one of the bigger issues, as well as how you handle your sessions and
caching. I would start out with some of the basics in place, like a
database cluster of some type and hardware based load balancers on the
front end such as ServerIrons. Some things are easier to change once
you get going than others. Switching from a single database to a
cluster while you are already getting a million hits a day is not fun.
You will also be spending some money on routers, probably something
like the cisco 28XX or 38XX series. You could easily use 20mbps or so
when bursting.

And if your clients have unrealistic expectations, I would be very
very careful. Personally I tell my clients to be prepared for the
worst, and if they except that, only then will I work for them. That
way when something does go wrong (and it will), they won’t be coming
back to you yelling and screaming. They might not like things going
wrong, but they will remember that you told them that things like this
were bound to happen, and to be prepared for it.

I’d say it’ll take about 100 times as much as it would take to push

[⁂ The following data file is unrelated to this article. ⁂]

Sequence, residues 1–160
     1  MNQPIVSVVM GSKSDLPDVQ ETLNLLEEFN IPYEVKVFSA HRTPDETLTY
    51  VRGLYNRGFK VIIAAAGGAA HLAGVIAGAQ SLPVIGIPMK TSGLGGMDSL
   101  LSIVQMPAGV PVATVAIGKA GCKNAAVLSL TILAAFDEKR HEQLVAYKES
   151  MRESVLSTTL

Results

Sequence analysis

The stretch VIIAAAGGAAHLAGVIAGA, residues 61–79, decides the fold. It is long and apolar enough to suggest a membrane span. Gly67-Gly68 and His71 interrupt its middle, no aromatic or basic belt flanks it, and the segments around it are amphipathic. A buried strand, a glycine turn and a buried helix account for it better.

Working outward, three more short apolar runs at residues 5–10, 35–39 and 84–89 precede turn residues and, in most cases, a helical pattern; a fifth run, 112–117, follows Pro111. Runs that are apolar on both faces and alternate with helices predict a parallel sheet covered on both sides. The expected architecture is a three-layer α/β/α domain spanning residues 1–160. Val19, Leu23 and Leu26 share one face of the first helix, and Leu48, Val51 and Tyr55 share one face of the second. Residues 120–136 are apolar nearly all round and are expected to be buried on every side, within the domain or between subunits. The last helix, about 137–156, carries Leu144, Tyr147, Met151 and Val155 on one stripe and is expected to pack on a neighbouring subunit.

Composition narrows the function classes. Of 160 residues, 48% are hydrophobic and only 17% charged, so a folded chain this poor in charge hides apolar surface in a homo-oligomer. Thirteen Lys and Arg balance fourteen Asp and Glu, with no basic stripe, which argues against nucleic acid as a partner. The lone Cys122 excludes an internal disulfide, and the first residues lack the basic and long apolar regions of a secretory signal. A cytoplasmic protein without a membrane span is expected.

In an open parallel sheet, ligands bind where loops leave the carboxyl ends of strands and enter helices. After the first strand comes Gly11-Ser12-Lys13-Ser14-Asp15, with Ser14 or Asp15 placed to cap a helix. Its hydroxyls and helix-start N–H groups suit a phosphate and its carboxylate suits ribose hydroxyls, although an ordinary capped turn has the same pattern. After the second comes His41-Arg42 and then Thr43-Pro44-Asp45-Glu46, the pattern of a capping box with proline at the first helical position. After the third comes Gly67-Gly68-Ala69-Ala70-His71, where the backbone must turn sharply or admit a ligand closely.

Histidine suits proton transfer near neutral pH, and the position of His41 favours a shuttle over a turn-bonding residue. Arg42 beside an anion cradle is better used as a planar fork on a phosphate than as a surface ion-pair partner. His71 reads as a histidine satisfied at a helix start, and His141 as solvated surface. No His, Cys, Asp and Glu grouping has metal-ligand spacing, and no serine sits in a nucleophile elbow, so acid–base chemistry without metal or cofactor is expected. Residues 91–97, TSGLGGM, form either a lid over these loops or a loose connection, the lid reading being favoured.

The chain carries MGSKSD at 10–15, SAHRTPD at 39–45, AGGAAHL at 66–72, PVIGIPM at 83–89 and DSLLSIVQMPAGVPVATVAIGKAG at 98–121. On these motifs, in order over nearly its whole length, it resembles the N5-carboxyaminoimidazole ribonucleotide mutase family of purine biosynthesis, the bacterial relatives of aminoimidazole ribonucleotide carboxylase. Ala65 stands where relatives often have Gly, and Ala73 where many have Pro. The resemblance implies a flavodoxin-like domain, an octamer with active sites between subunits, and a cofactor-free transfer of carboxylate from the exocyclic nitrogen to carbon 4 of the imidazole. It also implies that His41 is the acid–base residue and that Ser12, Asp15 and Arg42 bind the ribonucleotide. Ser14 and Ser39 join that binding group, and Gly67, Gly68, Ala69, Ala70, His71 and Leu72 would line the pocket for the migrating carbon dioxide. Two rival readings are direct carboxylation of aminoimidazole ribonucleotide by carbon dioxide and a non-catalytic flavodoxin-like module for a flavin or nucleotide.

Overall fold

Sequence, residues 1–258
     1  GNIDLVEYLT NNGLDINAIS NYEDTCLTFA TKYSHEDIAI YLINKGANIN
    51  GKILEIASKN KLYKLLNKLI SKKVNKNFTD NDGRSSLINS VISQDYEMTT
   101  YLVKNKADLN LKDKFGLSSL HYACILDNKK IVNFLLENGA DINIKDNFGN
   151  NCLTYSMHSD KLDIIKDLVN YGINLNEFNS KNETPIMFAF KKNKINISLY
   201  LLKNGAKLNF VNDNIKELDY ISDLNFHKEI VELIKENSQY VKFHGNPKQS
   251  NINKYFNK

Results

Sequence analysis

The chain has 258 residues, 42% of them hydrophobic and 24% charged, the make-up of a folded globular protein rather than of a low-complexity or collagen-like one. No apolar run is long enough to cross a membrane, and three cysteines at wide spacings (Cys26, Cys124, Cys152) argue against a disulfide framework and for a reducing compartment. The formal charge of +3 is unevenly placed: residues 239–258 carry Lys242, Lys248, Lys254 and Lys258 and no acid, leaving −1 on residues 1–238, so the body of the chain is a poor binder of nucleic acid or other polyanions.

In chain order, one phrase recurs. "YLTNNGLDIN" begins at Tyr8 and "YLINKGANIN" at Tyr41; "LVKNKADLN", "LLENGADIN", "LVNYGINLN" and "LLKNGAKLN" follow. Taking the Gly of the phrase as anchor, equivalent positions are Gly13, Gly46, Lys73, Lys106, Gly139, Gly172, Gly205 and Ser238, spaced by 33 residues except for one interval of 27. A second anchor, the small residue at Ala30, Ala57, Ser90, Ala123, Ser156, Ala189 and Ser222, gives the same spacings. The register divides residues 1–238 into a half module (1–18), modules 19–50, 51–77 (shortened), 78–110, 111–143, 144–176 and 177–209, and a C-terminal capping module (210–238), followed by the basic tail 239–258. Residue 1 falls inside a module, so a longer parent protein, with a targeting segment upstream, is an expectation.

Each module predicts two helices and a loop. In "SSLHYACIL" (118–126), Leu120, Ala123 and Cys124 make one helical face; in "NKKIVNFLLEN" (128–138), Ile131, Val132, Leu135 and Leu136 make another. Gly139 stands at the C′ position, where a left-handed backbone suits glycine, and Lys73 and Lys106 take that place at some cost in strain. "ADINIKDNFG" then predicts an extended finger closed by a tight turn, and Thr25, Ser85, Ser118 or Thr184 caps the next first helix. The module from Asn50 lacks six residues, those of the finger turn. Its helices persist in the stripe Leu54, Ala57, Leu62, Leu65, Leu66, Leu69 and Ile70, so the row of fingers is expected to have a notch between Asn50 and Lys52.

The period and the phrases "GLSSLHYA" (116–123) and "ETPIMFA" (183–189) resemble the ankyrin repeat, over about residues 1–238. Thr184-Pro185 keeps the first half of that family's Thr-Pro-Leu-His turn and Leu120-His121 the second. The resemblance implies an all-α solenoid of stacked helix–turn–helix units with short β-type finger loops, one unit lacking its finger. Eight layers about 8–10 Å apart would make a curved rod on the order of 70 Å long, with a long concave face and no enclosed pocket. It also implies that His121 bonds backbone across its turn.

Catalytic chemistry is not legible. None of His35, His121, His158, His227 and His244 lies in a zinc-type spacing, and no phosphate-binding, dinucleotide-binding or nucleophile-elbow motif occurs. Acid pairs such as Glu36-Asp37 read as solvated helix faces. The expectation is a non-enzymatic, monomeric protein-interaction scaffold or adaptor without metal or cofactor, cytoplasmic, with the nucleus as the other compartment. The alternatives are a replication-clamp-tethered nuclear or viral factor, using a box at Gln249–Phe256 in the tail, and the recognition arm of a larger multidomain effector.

out 100 dynamic pages per second…

Seriously, you need a WHOLE lot of info about app, infrastructure,
hardware etc. before anyone could make any such recommendation.
Anyone who says otherwise has no idea what they’re talking about.

If you get a sample of the hardware you intend to use, then load up
your app, tune it and push it as hard as it can go, you’ll get some
sort of idea. If it can handle 100 pages/second, then you need ~100
times as much hardware as you’ve already got. Yep, I know that’s
overly simplistic, but it’s relatively cheap, simple to extrapolate,
and it’ll get you within 20-50% of a reasonable estimate in dollar
terms. You’ll have to factor in load balancing hardware (which you
won’t be able to drive to breaking point without a sizeably greater
investment), database replication and the costs of running a suitable
data centre, at some point, but to counter that you’ll probably be
able to squeeze out some more pages/second from your existing hardware
(and in any case, $$$/hardware grunt continues to drop so that by the
time you’ve bought your 10k pages/second hardware, the cost of the
hardware will have dropped considerably).

Alternately, you could just listen to the guy who replies e.g. “27 Web
servers and 13 database servers”, and accept that at face value ;->